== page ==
Common Parents’ Money Management Mistakes
Every parent wants the best for their children, from education to employment, to falling in love and starting their own family, or finding their passion in life. Most, if not every parent, want the same thing – for their beloved children to grow up happy and healthy. However, it’s not easy to always give them the best while juggling every aspect of life. There could be times when parents focus too much on their children’s wellbeing and successes that they end up sacrificing their own well-being. One such area is when we make “parents’ money management mistakes”, thinking that we matter less than the children.
Neglecting your own financial future as you frantically plan for your children’s is one of the most common financial mistakes parents tend to make. While your child is well covered for, are you? It’s easy to neglect your own planning when you’re busy planning for the mini you(s). Failing to do so can cost you and your family big-time in your retirement days. Unfortunately, with financial mistakes, there are no second chances, so here are some common mistakes you and your partner may wish to avoid early on!
01 IGNORING YOUR RETIREMENT
The need to splurge on your children’s needs, from school fees to daily necessities is understandable; but it should not eat into your own retirement budget. One key money management mistake we make as parents is in taking ourselves out of the importance equation, instead of striking a balance between self and children. It may still seem far off to a parent of young children, but it takes a lifetime to accumulate adequate funds for retirement. Hence, don’t make the mistake of overindulging your children at the expense of investing in your own future. Getting an early start to your retirement savings gives your money the opportunity to grow, and will help you avoid becoming financially dependent on your children when they are older.
Pro tip: Instead of saving your money into traditional banks, why not try investing? it helps to beat inflation and has the potential of generating higher returns for yourself. Investments may include a range of choices from stocks to bonds to mutual funds and many more. Depends on your income, age, and risk tolerance, choose an investment tool that best suits you. More tips and trips in our 101 Guide to Investing!
02 NOT BUYING ENOUGH LIFE INSURANCE
Of course we hope this does not happen but life is full of uncontrollable situations! Another common money management mistake we make as parents is insufficient planning ahead for unforeseen circumstances where we do not exist. It is not too hard to imagine what can happen if a parent dies with inadequate life insurance coverage. In most cases, the surviving parent has to work harder and longer to continue to take care of the family. And without adequate funding, much financial planning would be disrupted along the way. After all, there is simply much lesser money to go around in a one-parent household.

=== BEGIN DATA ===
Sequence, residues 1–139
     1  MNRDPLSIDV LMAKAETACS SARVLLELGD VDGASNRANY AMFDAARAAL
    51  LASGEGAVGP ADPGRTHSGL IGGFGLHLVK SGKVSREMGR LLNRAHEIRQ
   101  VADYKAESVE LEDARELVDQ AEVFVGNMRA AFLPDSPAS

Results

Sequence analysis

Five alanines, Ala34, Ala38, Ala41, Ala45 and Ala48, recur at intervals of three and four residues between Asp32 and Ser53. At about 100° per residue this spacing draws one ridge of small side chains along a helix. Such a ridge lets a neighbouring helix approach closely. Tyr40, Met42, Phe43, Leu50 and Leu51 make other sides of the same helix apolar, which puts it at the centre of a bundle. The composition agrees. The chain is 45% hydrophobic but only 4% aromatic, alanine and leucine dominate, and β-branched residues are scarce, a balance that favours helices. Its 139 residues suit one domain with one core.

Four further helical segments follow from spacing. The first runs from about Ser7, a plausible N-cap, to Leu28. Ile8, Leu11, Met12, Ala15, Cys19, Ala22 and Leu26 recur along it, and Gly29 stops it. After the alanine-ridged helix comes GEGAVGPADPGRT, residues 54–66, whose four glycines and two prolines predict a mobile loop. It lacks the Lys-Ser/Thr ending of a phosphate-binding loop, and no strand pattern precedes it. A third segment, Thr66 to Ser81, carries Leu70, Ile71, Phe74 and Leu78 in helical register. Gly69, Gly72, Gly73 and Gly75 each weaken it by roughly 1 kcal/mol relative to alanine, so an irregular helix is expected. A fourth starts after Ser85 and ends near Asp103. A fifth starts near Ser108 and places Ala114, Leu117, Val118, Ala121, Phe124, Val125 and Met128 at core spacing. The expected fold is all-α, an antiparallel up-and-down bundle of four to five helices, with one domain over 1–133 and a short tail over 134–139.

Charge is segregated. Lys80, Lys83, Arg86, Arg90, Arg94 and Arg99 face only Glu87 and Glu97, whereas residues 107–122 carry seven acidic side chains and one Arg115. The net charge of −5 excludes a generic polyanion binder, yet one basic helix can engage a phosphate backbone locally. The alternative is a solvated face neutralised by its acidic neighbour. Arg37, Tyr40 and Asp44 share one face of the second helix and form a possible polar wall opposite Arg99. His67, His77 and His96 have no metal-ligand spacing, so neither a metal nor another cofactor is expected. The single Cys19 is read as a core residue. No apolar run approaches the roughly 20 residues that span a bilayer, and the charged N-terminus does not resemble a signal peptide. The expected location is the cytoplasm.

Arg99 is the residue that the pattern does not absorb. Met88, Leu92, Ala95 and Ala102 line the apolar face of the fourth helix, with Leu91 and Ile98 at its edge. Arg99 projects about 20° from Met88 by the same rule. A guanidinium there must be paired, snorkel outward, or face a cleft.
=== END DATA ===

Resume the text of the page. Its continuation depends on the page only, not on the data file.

Let’s also not forget critical illnesses or fatal accidents that could happen to anyone. Preferably, you would not want to rely solely on your emergency funds to pay for all these expensive medical expenses. If you had bought insurance plans, a significant percentage of the bills would be covered, hence relieving the financial stress on your family/spouse.
Pro Tip: If you would like to get an idea of how much life insurance is need, you can always try using a life insurance calculator. While we know we’re probably nagging at this point, but insurance really is crucial and if you’re holding off speaking to an advisor due to concerns on the pushiness, consider meeting one of our friendly, non-salesy community agents!
03 NOT TEACHING YOUR CHILDREN ABOUT MONEY
It is a mistake to shirk the responsibility of educating financial literacy to your children to educators or assume that everything taught in schools will be sufficient. Although countries around the world are placing a greater emphasis on financial literacy in schools, the habits of a child develop from home. As a parent, you should still teach them simple money matters – start with the importance of saving, and maybe when they are older, discuss issues like debt, budgeting, financial planning, etc. Kids who never learnt about the importance of money may have troubles with tasks such as balancing a check book and saving, and I’m pretty sure you do not want your children to learn it the hard way! Check out this article for some key money values that you can teach your children on.
Pro Tip: Start today, start now! Your children are not only listening but they are also watching. Set a good example for them to emulate.
PARENTING IS AN ONGOING LIFE PROCESS
There is no hard and fast rule as to which works and which doesn’t. While you care about your children, don’t forget to give some space and time for yourself to grow as well. Nothing is more important than taking care of yourself, only then, can you have the capability to extend this love and care to your children as well! Ask yourself what you can do now to improve your family’s life in the next 5 years – then do it. Your future self, and your children, will thank you. All the best, parents out there!
PSST: If you’d like a graphic book to work with, our personal finance booklets could be fun for you to leave around for your kids! The best part? They’re FREE. Sign up for one now.
This article is provided by our partner, Not So Crazy Rich Asians. They have a platform for individuals to safely navigate personal finances with community agents. They are not affiliated with any insurance or property company. As a middleman, they build a growing & thriving community of individuals in Singapore.